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FOR CAREGIVERS

What Caregivers Can Do: Some Suggestions

Learn to Listen

Start with yourself:

  • Listen to your desire to be of service, your true, loving intention.
  • Listen to your fear around illness and death.
  • Listen to your pain and grief about old losses and threatened losses that have been opened up by knowing someone with this illness.
  • Acknowledge to yourself what you think you can do, or at least where you think you can start.
  • Acknowledge what you think you can’t do; know and respect your boundaries.
  • Notice how you feel when you’re listened to well; notice what the other person does and doesn’t do.
  • Practice listening to someone who isn’t in crisis. Ask for feedback. Notice when you think you’re listening well and when you’re not.
  • Take a workshop or class in learning to listen well.

Listening to Someone Who is Ill

  • You don’t have to try and fix the situation or give advice.
  • You can say: “If you want to talk, I’m here to listen to what you’re going through; I really want to know even though I might feel scared sometimes,” or “What is it like for you to be going through this with your children?”
  • And then sit with your mouth shut and your heart open—and listen.
  • Let the person cry, laugh, rage, whatever she needs to do.
  • Let it be OK to sit in silence.
  • If your own tears well up, it’s fine as long as you don’t become the object of concern.
  • You don’t have to rehearse what you’re going to say.
  • Don’t take it personally if the person doesn’t want to talk about her illness.
  • After you’re with a seriously ill person, do something to take care of yourself: Make room for feelings that have come up. Talk to someone who can listen. Write in a journal. Hike in nature. Take a bath. Listen to music.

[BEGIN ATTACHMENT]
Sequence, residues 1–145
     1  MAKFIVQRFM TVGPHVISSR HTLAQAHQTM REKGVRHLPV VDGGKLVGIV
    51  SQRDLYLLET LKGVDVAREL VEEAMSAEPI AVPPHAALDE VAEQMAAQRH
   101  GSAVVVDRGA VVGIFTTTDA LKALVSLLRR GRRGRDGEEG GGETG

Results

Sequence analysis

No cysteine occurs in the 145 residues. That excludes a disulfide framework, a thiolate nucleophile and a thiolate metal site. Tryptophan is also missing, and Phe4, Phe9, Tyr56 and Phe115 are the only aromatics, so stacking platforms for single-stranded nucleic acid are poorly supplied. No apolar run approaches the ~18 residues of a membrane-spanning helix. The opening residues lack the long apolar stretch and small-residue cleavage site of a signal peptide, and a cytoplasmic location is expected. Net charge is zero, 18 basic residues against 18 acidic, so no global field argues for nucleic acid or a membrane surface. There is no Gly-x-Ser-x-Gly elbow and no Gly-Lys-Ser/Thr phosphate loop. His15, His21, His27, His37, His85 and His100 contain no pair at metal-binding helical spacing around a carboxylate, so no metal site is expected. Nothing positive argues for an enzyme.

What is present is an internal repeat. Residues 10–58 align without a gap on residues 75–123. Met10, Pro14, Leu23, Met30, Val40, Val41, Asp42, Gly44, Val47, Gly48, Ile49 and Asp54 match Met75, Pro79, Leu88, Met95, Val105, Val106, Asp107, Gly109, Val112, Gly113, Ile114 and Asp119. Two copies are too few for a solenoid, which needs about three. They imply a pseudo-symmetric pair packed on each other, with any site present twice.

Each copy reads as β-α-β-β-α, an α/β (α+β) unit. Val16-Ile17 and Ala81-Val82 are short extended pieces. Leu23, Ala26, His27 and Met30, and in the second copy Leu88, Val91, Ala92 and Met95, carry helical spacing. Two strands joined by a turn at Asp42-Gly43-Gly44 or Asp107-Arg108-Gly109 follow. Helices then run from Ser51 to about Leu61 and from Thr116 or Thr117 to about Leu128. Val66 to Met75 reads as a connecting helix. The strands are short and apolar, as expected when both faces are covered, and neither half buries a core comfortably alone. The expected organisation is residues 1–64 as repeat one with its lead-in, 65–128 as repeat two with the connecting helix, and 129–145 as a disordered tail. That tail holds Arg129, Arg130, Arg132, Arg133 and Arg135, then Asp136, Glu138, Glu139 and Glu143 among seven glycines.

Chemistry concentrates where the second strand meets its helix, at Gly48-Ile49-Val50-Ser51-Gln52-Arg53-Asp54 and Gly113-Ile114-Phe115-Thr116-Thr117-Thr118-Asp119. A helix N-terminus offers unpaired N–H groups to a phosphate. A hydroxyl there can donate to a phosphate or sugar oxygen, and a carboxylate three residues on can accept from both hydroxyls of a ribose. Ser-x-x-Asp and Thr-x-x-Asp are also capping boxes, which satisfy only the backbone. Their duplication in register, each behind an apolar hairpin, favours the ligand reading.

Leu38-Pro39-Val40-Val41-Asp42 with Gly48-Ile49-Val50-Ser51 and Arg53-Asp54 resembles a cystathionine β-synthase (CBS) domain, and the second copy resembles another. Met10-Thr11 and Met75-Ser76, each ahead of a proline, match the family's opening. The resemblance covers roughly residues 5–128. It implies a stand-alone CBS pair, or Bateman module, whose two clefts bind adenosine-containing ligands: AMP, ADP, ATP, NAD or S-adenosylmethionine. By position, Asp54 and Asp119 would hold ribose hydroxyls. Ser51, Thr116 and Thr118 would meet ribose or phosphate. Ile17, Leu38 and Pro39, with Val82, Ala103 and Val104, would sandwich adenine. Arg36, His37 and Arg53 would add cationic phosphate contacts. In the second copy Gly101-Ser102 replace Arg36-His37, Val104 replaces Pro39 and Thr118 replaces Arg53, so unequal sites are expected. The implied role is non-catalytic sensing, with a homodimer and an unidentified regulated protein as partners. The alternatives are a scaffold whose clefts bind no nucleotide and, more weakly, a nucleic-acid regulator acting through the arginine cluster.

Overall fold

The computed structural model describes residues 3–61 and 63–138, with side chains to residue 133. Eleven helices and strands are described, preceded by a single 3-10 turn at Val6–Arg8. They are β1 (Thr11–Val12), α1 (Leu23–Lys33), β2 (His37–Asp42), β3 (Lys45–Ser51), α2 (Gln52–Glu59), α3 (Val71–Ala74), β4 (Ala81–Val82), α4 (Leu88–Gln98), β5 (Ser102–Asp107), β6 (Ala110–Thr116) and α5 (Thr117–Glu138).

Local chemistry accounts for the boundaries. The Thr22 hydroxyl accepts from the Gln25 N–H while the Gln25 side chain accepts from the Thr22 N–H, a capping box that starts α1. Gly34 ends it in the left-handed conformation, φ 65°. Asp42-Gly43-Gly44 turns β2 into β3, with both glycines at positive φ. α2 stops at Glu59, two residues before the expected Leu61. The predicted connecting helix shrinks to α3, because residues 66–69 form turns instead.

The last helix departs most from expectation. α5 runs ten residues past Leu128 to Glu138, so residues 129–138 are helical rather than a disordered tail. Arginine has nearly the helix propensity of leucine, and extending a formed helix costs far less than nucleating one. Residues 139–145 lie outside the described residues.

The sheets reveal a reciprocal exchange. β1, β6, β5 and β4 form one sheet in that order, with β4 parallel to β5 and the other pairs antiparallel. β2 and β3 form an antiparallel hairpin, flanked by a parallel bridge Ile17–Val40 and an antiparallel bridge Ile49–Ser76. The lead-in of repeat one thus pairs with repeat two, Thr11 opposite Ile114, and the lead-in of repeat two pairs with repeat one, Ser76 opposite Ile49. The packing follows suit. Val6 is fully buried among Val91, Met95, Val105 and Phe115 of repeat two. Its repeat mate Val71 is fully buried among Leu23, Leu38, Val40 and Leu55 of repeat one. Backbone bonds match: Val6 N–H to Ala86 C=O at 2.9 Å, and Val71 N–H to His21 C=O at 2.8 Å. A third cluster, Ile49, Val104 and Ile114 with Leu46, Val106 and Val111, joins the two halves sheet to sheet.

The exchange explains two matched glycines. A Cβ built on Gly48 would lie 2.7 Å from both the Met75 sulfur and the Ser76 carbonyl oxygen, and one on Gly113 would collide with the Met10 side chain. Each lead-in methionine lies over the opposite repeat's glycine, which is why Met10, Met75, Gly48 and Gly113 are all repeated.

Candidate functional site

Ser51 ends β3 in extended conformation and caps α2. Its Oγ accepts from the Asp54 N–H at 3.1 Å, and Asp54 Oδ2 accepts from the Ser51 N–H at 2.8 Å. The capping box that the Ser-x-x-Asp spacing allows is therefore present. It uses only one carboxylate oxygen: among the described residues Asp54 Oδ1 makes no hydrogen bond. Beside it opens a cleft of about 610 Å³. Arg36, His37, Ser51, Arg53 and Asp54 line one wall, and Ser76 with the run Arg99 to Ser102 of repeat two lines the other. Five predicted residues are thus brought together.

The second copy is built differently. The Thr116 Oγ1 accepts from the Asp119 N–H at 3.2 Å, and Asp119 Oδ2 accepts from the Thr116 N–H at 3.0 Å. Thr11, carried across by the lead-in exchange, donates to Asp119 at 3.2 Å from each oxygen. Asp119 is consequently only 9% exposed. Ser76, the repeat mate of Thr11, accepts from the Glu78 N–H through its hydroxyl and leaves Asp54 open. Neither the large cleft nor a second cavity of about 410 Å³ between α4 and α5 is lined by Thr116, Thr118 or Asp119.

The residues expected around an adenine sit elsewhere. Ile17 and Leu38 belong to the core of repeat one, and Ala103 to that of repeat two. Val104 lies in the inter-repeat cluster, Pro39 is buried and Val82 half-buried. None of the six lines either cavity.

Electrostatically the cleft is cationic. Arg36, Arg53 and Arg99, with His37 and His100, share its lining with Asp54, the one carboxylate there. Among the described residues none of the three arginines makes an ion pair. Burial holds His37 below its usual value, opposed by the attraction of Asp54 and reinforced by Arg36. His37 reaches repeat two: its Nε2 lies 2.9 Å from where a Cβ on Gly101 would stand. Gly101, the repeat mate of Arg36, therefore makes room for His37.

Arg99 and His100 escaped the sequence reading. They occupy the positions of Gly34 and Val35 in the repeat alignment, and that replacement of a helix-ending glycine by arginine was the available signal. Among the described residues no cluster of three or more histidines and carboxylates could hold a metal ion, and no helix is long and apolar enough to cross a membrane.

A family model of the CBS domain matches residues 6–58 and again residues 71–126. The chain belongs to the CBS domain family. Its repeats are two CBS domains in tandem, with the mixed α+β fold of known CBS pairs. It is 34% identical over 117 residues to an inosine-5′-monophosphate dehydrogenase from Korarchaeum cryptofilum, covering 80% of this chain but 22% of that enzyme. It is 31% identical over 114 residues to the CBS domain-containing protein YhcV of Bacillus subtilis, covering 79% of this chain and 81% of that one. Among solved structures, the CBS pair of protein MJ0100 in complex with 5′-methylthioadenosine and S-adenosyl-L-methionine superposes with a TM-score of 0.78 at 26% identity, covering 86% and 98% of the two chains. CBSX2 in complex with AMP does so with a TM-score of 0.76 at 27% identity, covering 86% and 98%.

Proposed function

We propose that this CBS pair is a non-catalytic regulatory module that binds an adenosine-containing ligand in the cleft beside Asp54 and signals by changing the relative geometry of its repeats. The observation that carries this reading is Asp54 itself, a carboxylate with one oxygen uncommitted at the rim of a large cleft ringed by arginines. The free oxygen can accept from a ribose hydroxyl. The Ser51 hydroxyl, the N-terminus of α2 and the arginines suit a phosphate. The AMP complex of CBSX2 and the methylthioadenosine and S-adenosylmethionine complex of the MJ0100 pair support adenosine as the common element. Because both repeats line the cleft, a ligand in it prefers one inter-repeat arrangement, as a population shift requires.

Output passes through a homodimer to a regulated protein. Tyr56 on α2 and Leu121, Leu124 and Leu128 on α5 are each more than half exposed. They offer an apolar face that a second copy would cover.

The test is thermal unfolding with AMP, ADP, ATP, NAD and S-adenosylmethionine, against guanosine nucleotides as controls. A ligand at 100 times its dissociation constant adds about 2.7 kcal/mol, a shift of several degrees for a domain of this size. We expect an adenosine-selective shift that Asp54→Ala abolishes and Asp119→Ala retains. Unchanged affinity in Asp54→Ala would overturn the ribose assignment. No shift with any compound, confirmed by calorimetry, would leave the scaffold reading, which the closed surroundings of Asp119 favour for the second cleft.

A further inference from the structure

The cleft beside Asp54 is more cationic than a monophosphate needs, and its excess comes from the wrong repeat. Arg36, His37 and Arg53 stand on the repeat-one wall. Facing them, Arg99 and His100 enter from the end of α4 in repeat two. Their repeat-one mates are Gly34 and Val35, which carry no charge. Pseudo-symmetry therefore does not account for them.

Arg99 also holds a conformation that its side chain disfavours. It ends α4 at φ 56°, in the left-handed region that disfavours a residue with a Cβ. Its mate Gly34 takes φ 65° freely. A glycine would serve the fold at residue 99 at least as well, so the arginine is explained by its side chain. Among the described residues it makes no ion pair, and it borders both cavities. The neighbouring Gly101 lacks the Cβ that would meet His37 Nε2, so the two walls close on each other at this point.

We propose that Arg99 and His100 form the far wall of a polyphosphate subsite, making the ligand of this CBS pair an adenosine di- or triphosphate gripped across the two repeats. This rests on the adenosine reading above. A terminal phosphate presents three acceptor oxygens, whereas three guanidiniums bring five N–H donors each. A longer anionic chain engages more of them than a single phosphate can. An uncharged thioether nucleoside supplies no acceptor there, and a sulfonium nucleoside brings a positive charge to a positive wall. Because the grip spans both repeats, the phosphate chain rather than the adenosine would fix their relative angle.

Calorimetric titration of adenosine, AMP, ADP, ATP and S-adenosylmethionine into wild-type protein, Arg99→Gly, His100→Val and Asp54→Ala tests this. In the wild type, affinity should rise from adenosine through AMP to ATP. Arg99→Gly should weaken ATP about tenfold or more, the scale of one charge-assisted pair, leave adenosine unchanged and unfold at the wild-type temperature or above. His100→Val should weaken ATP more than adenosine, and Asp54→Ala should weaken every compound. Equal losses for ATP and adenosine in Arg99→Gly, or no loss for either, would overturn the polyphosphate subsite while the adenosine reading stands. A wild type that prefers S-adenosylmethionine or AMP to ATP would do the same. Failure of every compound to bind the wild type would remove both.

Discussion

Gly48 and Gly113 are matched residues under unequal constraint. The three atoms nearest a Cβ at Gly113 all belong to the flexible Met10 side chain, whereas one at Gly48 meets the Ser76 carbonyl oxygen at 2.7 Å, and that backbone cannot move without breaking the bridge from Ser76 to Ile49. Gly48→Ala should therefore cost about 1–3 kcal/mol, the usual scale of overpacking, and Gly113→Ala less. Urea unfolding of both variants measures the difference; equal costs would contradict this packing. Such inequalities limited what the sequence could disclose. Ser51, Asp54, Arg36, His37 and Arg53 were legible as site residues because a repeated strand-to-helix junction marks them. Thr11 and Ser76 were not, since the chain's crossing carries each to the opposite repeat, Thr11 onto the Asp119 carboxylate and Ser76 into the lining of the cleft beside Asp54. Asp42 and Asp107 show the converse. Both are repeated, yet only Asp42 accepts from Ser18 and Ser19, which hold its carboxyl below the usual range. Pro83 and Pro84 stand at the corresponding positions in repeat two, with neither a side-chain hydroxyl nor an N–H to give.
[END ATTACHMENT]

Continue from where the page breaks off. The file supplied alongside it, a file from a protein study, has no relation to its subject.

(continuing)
Make a List of Specific Things You Can Offer, such as:

  • “I can baby-sit twice a month.”
  • “I will take your kids for a sleepover one weekend next month.”
  • “I will cook one meal a week for the next four weeks.”
  • “I can research groups or support services for you and your kids.”
  • “I will buy birthday gifts for your children to bring to their friends’ party.”
  • “I will drive your kids to school (or after school activities or appointments) on Mondays and Thursdays.
  • “I can run errands or drive you to medical appointments on Fridays.”
  • “I’ll take you out for a movie or something fun as soon as you’re ready.”

General Suggestions

  • It’s better to make a specific offer of help than a general one, like “I’ll do anything.”
  • It’s better to offer a few things and come through than to offer too much and not.
  • It’s better to communicate your limitations than just disappear.
  • Don’t take it personally if the ill parent doesn’t want to send her children to your home for a sleepover or says she doesn’t want to talk about her illness. Everyone goes through illness differently. Some want to be surrounded with people; others want to hunker down with the immediate family and remain private. Give a lot of space and slack; let her know you’re still there.
  • If it’s too hard for you to be with the ill person, there are still ways to support her.
    Here are a few:
    • Write a note about how much you care. Be honest about your limitations.
    • Say you’re thinking of the ill person, or that you’re praying for her.
    • Send loving or humorous cards on a regular basis.
    • Perhaps with a few others, buy her something that will nourish her: e.g., a massage, CDs of healing music or meditation, professional help to record her story
  • For more ideas on how to offer help to someone who’s ill, see Another Morning and Books for Caregivers in Resource Guide 2006)

Join a Support Network

Caregivers also need support. It’s easy to burn out if you’re doing too much. It’s best to have a group that can divvy up the tasks so the burdens don’t fall too much on a few. Create or join a support network to assist the person who’s ill.

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